Ohio History Journal

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180 Ohio Arch

180       Ohio Arch. and Hist. Society Publications.


dience, wherein were many of our martyred President's intimate

friends, the full significance of the rendition of his loved hymn.

The orator of the day was the Hon. Judson Harmon of

Cincinnati, whose address is herewith given:



There are no States at whose celebrations Ohio is not a fitting

guest. From those older than herself came the men and women who

opened her soil to the sunshine and re-

placed the shifting wigwams of the sav-

ages with the fixed habitations of civili-

zation from which sprang the Common-

wealth which sends us here.

To the younger States Ohio has given

her sons and daughters to do the like for

them. So that, besides the bonds of race

and political fellowship, she is joined for-

ever to the other members of the Ameri-

can Union by closer ties of kinship.

Wherever she goes it is either to the

abodes of her forbears or to those of

her offspring, and in both she is equally

at home because she has proved worthy

of her descent and is proud of her de-


The various peoples of the earth, as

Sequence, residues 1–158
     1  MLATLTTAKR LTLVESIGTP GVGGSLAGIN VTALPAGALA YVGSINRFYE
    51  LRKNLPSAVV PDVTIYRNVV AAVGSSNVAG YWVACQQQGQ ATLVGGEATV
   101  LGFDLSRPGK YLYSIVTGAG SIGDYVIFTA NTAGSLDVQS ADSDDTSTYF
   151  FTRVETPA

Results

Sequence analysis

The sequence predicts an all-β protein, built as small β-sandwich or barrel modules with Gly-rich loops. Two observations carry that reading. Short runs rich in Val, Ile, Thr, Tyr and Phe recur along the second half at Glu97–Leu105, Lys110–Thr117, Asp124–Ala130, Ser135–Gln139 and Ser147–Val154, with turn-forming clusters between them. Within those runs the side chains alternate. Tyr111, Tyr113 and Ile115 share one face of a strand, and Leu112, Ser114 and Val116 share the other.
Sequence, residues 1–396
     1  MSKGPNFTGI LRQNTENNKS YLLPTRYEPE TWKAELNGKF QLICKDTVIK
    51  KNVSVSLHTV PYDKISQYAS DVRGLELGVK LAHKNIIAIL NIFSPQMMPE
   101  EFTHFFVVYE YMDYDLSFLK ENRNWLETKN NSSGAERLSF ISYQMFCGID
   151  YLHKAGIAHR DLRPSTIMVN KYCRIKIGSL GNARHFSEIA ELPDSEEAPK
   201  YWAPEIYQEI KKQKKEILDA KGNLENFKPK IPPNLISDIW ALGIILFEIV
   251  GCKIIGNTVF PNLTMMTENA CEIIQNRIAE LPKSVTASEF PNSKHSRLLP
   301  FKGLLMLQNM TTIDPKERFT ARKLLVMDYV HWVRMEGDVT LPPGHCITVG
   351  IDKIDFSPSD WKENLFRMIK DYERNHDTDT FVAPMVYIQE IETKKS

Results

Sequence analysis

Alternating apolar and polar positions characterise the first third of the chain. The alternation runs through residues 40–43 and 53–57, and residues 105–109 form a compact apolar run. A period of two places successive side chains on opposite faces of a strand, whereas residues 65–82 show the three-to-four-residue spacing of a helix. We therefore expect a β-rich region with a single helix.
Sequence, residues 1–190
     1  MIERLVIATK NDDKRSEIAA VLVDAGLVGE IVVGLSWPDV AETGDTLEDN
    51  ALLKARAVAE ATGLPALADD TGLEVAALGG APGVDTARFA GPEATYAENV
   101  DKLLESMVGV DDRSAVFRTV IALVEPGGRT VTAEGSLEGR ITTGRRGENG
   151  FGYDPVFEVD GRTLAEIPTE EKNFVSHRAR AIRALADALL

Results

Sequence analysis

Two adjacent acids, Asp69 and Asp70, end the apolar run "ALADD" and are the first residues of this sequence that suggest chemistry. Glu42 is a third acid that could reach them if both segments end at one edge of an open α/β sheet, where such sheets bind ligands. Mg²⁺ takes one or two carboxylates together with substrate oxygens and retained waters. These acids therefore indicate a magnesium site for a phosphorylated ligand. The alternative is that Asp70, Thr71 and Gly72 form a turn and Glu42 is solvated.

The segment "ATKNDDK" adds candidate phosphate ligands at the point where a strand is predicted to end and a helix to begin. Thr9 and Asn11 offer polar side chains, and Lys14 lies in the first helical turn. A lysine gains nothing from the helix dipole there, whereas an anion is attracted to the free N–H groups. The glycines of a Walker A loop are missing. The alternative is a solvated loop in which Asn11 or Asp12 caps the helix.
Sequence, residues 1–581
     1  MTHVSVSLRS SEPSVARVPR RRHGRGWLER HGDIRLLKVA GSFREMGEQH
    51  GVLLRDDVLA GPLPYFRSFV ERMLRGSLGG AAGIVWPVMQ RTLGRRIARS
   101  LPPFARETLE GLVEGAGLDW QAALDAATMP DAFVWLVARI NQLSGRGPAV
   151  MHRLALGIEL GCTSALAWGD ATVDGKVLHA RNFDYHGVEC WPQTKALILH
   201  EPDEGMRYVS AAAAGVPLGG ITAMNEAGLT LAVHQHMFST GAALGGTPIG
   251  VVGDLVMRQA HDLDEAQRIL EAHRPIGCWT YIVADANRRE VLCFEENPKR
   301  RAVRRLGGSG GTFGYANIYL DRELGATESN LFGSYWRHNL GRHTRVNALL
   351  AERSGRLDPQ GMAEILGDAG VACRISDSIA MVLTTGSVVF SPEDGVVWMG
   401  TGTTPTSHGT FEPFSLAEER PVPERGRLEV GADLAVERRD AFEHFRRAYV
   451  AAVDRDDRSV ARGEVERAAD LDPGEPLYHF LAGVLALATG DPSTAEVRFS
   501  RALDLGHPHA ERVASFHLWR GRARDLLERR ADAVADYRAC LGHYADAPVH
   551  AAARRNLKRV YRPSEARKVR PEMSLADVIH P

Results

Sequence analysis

they now exist, had their origin in migrations. These were sometimes

in masses, sometimes as individuals; sometimes as conquerors expelling

or absorbing existing inhabitants, sometimes as settlers of untenanted

regions; to some places they came as a blessing, to others as a blight.

But never in the hitory of the world, not even in that of our country,

was there such a migration, or one with such a result, as that which

in a little more than a century has founded and perfected the state

which honors me today as one of her representatives.

Secured as part of the new Republic at the close of the Revolution

by sagacity and statesmanship of the highest order, the region bounded by

the Ohio, the Lakes and the Mississippi lay a wilderness awaiting a des-

tiny which Washington and Jay almost alone foresaw. The then three

greatest nations of the earth had partly explored it and had battled and

treated about it, but only as an incident to things they all thought more


The few settlements made here and there along its chief waters

were merely posts for traffic with the Indians. It was too distant for

thought of general occupation by civilized men. King George had for-